Large-scale NATO military drills started in Estonia on Monday. The exercise dubbed ‘Hedgehog 2022’ is one of the largest in the Baltic nation’s history, according to the military bloc. The drills will involve some 15,000 troops from 14 nations, including both military bloc members and their partners.
Soldiers from Finland, Sweden, Georgia and Ukraine are among those that will take part in the exercise, Finnish public broadcaster Yle reported. The drills will include all branches of the armed forces and will involve air, sea and land exercises, as well as cyber warfare training, according to the broadcaster.
According to a NATO statement, the drills will also see the US Navy Wasp-class landing ship ‘Kearsarge’ take part in the exercises. Both the military bloc and Estonian Defense Forces deputy commander, Major General Veiko-Vello Palm, have denied that the drills, just over 60km from the Russian border, have anything to do with Moscow’s ongoing military action in Ukraine.
The drills started just a day after Finland and Sweden officially announced their plans to join NATO, and were planned long before the conflict in Ukraine broke out, Western officials have said.
The exercises in Estonia are, however, just one part of NATO’s large-scale military activities near the Russian border. Another Baltic state, Lithuania, is hosting the ‘Iron Wolf’ exercise, which involves 3,000 NATO troops and 1,000 pieces of military equipment, including Germany’s Leopard 2 tanks.
Two of NATO’s biggest exercises – ‘Defender Europe’ and ‘Swift Response’ – are taking place in Poland and eight other countries, involving 18,000 troops from 20 nations, according to NATO’s statement on Friday.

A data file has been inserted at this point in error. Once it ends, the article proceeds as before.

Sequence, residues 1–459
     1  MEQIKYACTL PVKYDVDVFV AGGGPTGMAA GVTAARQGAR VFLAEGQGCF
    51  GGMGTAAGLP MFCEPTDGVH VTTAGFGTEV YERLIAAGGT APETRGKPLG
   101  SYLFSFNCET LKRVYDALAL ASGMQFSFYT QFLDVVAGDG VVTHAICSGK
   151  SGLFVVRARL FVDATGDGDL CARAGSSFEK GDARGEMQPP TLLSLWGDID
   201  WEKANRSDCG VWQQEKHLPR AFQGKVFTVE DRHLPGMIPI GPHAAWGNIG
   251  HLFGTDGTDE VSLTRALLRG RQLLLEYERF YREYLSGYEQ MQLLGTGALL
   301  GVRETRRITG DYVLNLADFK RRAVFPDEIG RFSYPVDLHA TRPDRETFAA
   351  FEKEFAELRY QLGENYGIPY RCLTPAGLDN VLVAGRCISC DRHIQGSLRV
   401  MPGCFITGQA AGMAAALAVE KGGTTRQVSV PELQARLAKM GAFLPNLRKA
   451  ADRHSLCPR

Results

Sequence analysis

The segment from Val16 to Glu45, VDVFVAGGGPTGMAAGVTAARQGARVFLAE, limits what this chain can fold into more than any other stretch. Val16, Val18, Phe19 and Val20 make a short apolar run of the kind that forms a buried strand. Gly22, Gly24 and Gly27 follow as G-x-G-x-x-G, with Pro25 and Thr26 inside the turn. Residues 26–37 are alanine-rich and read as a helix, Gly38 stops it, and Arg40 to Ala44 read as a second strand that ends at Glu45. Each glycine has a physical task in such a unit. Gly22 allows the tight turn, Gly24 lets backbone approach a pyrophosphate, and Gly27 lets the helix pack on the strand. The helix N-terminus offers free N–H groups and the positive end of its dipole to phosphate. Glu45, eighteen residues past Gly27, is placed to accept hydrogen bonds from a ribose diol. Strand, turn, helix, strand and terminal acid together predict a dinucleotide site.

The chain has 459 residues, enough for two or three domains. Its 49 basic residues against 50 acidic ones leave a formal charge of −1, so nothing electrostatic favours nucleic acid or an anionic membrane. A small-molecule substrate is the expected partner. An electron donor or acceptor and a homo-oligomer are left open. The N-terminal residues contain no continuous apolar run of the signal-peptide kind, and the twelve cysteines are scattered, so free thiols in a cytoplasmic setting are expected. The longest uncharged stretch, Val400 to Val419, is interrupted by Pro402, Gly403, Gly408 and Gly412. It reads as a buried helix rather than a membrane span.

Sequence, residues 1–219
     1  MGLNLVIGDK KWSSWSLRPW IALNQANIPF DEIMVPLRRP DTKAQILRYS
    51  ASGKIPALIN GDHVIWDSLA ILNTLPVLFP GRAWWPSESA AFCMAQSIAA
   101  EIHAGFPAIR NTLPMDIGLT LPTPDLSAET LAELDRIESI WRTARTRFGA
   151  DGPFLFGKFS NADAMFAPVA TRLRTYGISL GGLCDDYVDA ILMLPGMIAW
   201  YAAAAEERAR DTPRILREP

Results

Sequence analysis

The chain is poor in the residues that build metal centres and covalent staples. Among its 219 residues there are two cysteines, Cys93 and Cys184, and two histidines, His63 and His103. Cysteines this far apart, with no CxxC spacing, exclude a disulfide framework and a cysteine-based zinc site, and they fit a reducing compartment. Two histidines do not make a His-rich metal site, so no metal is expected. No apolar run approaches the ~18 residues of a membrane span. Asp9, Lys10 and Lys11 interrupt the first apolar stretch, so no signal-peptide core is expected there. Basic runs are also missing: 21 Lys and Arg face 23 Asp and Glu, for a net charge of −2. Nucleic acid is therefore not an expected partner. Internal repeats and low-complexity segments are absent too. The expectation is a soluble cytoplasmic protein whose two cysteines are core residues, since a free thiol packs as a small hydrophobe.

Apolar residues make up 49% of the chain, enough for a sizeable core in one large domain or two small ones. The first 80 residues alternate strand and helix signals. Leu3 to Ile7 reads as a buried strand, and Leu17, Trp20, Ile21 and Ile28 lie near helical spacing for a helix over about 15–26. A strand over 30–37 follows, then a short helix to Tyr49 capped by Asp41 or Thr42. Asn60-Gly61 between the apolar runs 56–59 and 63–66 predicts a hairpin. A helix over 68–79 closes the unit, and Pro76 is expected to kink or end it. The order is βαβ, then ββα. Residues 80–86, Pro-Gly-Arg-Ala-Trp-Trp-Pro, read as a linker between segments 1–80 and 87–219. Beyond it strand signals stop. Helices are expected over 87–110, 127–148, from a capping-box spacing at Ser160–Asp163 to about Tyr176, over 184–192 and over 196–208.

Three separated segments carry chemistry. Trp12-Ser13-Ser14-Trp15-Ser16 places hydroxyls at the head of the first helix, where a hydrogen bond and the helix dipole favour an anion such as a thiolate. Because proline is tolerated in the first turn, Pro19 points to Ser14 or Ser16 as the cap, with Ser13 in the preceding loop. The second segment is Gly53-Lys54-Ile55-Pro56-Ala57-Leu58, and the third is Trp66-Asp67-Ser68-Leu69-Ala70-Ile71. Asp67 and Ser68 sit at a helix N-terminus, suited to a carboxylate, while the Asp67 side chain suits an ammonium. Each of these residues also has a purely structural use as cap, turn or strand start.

“Exercises like these show that NATO stands strong and ready to protect our nations and defend against any threat,” the military bloc’s spokesperson, Oana Lungescu, said, adding that the drills “help to remove any room for miscalculation or misunderstanding about our resolve to protect and defend every inch of allied territory.”
The NATO Response Force is currently taking part in the 7,500-strong ‘Wettiner Heide’ drills in Germany. The Mediterranean Sea is about to witness ‘Neptune series’ naval drills involving the USS ‘Harry S. Truman’ carrier strike group that will be placed under NATO command. This will only be the second time since the end of the Cold War that a U.S. carrier group has been transferred under the military bloc’s command, NATO has said.
In June, the Baltic States and Poland will host what NATO describes as “Europe’s largest integrated air and missile defense exercise,” which would involve 23 nations.
In late April, Finland hosted NATO naval drills. Now, it is also hosting a joint land exercise, in which troops from the US, the UK, Estonia and Latvia are participating.
The massive military wargames are taking place amid heightened tensions between Russia, NATO and some of the military bloc’s partners. Finland, which shares a long border with Russia, and Sweden decided to reconsider their long-standing policy of non-alignment following a major change in public opinion after the launch of Russia’s attack on Ukraine.
The development sparked a wave of criticism from Moscow, which warned that it would have to respond if Finland and Sweden join NATO. Moscow also maintains that it considers NATO’s expansion as a direct threat to its own security.